Daren Grant biked to the Bloom Room dispensary in San Francisco on Monday to pick up some “Big Kahuna.” Instead, he walked out with two grams of “Carolina Cam Crush” and “Bronco Mile High.”
Grant, 31, a waiter, considered what to do with his weed during the Feb. 7 football championship. Maybe every time a team scored, he said, he could take a bong hit of the corresponding strain. “I would definitely give it a toke,” he said.
The San Francisco Bay Area is the first region to host a Super Bowl in a state where marijuana is readily available, though technically only legal for medical purposes. And like other businesses, local pot shops are offering promotions aimed at the throngs of visitors in town for the festivities.
San Francisco’s marijuana shops closest to fan events in the city’s tech-heavy South of Market neighborhood are handing out coupons for free joints, offering discounts and renaming strains after the two teams set to face off in Super Bowl 50 — the Denver Broncos and the Carolina Panthers. But out-of-towners are out of luck. Only California residents who have a medical-marijuana card can buy pot at the dispensaries, which operate as non-profits.
Colorado, home of the Broncos, is one of four states that’s legalized recreational marijuana, and pot has legally been sold there since 2014. Two years ago, when the Broncos played the Seattle Seahawks in the Super Bowl in New Jersey, the game was dubbed the “Stoner Bowl” since both came from states where recreational pot use is legal.
Pot smoking in Denver has become as much a part of the tailgating experience as beer and burgers, and buying weed is as common as a trip to the grocery store. Games draw a rush of customers to the Mile High Green Cross recreational marijuana shop, located three miles from Denver’s football stadium, owner Adam Ziegler said.
“It’s a healthy alternative to drinking,” Ziegler, 38, said by telephone.
In San Francisco, Stephen Rechif, 29, manager of the Bloom Room, said he planned to send an employee to Super Bowl City, the fan village at the base of Market Street in the city’s Financial District, to hand out black-and-red coupons for a free pre-rolled joint and lighter. His dispensary, located a few blocks from the headquarters of Twitter Inc., Yelp Inc. and Uber Technologies Inc., features shelves lined with glass jars of marijuana plants and pot-infused foods, including bon-bons and chocolate truffles. The top-shelf Carolina and Bronco strains run $20 a gram.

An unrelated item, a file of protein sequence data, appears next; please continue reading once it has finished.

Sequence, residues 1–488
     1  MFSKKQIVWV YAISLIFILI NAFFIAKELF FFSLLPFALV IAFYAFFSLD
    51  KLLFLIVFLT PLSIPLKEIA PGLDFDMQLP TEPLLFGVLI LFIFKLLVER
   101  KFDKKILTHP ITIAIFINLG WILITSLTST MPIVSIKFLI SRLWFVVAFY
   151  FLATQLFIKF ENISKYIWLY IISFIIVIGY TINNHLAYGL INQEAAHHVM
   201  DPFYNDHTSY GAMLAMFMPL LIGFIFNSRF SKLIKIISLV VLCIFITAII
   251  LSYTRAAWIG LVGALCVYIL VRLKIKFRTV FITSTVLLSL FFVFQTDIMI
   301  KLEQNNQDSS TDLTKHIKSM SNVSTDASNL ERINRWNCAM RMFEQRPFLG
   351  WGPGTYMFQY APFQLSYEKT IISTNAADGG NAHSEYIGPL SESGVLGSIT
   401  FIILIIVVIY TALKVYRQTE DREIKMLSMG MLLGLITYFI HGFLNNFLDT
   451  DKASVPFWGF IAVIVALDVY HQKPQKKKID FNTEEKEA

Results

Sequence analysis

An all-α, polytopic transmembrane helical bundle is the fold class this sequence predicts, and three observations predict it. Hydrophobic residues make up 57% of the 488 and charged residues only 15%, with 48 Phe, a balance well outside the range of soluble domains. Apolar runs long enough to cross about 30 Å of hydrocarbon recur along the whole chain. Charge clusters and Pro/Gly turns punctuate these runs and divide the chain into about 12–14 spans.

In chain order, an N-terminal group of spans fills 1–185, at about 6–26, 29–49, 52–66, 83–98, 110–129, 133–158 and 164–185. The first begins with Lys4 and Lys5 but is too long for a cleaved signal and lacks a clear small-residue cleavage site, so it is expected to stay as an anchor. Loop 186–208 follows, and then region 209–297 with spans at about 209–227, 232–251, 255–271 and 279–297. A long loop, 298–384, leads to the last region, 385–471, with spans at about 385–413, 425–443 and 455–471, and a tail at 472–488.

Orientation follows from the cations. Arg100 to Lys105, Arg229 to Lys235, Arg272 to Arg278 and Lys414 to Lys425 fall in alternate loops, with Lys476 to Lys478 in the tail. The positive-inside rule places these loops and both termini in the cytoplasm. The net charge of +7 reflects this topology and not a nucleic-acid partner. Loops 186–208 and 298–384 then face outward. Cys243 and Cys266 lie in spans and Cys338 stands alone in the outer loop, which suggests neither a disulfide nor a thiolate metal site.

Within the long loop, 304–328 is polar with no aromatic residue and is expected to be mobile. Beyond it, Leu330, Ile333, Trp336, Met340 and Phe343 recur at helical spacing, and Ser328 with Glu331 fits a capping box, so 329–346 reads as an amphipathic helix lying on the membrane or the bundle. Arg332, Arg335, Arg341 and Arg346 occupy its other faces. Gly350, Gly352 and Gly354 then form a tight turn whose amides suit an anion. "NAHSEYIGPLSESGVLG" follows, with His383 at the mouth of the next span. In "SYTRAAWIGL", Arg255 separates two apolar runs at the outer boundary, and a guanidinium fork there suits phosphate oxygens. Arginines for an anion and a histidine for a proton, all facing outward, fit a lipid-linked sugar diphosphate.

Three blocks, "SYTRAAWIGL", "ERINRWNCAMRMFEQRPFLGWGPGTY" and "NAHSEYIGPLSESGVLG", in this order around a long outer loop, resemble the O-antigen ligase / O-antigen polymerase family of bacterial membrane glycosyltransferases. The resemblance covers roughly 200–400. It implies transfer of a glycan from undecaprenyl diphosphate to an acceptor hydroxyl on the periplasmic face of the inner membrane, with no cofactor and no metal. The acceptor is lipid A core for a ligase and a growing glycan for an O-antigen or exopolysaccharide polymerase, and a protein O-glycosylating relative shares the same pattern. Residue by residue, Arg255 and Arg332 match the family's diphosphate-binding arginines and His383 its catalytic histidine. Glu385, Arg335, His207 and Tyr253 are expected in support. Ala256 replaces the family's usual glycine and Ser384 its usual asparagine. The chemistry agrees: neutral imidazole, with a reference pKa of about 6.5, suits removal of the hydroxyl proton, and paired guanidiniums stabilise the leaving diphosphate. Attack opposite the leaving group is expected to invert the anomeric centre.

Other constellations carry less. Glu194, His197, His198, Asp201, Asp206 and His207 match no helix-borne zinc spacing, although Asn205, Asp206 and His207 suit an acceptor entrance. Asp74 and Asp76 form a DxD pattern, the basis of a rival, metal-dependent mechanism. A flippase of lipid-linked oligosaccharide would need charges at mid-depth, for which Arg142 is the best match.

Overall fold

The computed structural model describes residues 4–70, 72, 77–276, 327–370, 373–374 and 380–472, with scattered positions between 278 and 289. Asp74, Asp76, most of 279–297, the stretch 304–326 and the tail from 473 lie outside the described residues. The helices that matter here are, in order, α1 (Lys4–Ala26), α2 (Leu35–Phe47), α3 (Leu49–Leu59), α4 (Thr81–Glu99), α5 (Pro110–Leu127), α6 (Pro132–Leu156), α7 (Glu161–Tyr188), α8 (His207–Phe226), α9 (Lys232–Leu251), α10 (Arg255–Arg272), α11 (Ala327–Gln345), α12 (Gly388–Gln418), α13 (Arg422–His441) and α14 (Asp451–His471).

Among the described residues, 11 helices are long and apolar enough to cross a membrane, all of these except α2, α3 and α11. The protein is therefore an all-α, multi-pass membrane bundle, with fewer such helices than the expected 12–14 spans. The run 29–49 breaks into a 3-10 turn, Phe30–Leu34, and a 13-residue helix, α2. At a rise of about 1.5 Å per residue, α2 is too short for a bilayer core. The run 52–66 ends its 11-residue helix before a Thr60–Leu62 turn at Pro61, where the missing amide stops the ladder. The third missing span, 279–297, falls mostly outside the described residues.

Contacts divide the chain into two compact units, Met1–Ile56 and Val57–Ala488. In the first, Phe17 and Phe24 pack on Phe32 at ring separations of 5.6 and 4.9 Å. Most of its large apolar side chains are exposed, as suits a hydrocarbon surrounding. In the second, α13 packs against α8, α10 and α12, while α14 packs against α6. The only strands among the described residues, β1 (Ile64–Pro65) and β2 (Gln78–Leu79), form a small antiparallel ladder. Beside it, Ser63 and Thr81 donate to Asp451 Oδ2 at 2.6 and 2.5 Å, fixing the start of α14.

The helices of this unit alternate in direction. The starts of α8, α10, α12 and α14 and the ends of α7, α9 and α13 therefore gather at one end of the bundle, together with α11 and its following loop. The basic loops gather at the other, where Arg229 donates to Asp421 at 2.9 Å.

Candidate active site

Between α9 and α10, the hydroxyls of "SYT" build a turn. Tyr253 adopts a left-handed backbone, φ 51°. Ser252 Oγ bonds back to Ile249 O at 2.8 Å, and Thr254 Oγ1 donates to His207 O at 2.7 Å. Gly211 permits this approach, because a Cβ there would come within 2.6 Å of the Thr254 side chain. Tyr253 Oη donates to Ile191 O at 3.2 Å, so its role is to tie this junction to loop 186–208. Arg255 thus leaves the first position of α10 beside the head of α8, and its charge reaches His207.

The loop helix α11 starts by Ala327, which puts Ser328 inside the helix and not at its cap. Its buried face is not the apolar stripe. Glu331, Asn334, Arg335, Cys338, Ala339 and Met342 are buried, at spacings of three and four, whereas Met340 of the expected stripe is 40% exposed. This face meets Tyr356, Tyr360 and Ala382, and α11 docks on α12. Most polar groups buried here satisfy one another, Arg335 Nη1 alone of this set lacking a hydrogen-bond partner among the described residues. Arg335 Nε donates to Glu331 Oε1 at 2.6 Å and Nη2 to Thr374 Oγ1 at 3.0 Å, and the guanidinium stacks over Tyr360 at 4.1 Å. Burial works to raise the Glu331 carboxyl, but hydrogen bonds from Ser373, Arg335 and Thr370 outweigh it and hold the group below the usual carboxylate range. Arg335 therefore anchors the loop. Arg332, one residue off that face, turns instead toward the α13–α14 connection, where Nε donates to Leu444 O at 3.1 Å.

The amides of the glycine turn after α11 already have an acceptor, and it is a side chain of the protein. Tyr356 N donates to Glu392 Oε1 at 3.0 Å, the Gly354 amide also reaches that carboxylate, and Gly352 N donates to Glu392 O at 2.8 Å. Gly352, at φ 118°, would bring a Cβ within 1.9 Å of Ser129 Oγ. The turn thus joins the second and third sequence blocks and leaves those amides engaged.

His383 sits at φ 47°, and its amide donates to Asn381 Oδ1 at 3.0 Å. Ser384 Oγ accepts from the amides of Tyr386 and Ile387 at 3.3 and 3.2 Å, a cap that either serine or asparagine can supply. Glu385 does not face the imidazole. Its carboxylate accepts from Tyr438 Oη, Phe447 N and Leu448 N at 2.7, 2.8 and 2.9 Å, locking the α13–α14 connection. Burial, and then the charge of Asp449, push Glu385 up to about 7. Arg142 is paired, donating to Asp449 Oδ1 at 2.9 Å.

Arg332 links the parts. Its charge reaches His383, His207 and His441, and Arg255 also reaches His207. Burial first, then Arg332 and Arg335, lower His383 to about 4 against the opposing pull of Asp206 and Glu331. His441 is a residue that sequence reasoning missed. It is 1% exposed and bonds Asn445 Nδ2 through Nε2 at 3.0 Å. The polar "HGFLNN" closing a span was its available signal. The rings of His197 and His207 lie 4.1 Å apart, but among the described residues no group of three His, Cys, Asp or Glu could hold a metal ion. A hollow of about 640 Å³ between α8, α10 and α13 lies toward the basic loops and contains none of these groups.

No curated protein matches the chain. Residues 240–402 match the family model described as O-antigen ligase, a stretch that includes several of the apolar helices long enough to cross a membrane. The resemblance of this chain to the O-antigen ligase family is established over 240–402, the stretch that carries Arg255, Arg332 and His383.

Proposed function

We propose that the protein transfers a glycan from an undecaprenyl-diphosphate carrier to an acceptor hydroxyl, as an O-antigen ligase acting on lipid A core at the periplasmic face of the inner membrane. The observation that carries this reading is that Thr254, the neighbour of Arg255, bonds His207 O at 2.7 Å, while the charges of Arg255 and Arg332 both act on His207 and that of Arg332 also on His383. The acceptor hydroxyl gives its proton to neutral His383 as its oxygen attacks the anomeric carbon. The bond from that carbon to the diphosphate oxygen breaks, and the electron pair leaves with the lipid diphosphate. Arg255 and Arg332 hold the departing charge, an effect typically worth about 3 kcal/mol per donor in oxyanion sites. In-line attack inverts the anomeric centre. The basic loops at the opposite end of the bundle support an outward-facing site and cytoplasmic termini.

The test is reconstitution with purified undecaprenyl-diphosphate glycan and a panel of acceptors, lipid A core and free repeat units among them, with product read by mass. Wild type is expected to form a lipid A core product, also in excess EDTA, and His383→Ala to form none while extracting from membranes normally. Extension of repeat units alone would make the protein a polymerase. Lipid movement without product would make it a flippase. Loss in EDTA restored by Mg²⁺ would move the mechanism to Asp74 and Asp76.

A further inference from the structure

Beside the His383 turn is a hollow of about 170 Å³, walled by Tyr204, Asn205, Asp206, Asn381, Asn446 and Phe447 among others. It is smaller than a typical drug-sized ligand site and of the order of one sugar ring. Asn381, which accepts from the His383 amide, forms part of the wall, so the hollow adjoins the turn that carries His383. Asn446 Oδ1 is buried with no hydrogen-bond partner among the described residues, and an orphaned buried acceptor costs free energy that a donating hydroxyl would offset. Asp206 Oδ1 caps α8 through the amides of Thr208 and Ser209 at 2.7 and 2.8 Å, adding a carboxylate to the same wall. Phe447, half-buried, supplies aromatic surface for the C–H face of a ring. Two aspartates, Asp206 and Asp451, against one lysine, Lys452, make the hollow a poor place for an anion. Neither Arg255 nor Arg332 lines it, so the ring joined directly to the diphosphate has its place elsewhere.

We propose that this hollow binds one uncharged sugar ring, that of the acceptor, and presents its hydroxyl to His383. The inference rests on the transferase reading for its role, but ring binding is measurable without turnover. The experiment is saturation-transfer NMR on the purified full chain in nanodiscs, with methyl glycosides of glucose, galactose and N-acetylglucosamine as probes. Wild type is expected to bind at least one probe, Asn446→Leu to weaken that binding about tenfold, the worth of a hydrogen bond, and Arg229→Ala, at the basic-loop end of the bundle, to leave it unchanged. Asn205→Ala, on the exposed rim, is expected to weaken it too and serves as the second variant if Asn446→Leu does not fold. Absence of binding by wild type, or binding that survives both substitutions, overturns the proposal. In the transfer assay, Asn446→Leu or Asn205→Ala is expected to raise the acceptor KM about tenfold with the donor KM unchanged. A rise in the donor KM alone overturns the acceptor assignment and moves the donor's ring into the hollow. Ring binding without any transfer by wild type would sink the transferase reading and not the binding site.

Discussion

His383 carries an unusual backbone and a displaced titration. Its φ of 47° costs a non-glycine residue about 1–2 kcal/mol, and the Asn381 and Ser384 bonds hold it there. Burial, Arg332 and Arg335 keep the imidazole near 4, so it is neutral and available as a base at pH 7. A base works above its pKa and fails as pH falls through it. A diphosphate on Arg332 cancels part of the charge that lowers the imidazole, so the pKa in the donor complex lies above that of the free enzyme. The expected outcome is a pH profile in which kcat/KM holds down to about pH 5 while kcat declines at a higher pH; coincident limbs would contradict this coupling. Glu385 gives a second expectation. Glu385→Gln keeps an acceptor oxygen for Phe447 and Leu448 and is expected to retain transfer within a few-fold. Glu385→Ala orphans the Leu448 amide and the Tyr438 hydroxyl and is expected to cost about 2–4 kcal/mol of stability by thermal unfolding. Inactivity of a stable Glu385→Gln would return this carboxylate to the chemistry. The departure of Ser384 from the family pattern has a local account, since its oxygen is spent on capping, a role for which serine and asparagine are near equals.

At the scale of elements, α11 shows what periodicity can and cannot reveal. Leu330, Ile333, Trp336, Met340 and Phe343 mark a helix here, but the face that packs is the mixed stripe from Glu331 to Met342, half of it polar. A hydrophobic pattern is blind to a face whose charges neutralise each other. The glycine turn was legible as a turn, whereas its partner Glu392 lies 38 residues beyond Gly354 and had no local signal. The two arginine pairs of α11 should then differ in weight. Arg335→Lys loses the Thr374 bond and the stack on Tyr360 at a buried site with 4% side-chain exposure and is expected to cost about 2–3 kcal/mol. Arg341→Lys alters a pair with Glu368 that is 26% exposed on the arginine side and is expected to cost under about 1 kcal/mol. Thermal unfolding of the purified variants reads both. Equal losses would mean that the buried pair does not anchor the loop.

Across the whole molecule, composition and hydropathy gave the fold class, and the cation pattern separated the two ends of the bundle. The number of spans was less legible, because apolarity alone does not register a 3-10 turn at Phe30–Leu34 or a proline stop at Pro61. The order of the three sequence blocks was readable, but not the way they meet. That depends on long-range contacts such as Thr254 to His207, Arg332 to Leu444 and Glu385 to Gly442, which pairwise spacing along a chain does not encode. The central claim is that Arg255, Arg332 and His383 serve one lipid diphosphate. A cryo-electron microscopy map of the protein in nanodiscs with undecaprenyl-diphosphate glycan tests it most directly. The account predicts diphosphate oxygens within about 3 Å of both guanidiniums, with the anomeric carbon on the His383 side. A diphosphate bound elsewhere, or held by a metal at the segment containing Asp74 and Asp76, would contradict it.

The Green Door dispensary, a half-block from where fans can snap photos with football stars, is running a Super Bowl 50 special on their Blackjack, Blue Dream and Krazy Glue strains, reducing the price to $35 for an eighth of an ounce. The dispensary has a smoking lounge upstairs, where patrons puff on bongs and joints as three flat-screen televisions are tuned into ESPN and Comcast SportsNet. A clock on the wall is set to 4:20, a pot-culture term noting the time to light up.
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“Super Bowl is always a good week for us,” Adam Rogers, 34, the shop’s manager, said in an interview in his office, where large, clear bags of weed sat near his desk.
California has a longstanding history with marijuana, becoming the first U.S. state to legalize its medical use in 1996. Twenty-two states have followed, and since 2012, voters in Colorado, Washington, Alaska and Oregon have legalized its recreational use.
California voters may follow suit when they consider a legalization measure in the November election. If approved, California and its local governments could reap more than $1 billion in annual revenue from the sale of recreational marijuana, according to a December report by the state’s Legislative Analyst’s Office.
The Super Bowl festivities are cutting into sales at some dispensaries as regular customers who work downtown are staying home this week to avoid large crowds and road closures.
“It’s hurt business,” said Jesse Smith, 29, manager at Igzactly 420, located next door to the Nasdaq Entrepreneurial Center, a non-profit group that trains and connects aspiring technology entrepreneurs. “People are turned off by the amount of traffic and the lack of parking.”